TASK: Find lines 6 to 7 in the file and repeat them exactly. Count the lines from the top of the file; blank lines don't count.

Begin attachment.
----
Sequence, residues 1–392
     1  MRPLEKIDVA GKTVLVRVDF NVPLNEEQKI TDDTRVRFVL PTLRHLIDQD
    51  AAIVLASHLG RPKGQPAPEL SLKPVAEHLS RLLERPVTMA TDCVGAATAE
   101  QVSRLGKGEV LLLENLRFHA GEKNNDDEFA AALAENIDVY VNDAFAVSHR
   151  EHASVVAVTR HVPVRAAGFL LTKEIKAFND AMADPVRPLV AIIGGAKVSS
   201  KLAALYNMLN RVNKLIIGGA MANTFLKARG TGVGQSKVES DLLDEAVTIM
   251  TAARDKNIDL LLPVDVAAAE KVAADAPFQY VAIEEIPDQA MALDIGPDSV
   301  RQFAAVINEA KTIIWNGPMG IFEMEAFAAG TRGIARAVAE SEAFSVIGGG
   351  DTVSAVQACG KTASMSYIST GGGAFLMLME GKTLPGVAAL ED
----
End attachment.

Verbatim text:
   201  KLAALYNMLN RVNKLIIGGA MANTFLKARG TGVGQSKVES DLLDEAVTIM
   251  TAARDKNIDL LLPVDVAAAE KVAADAPFQY VAIEEIPDQA MALDIGPDSV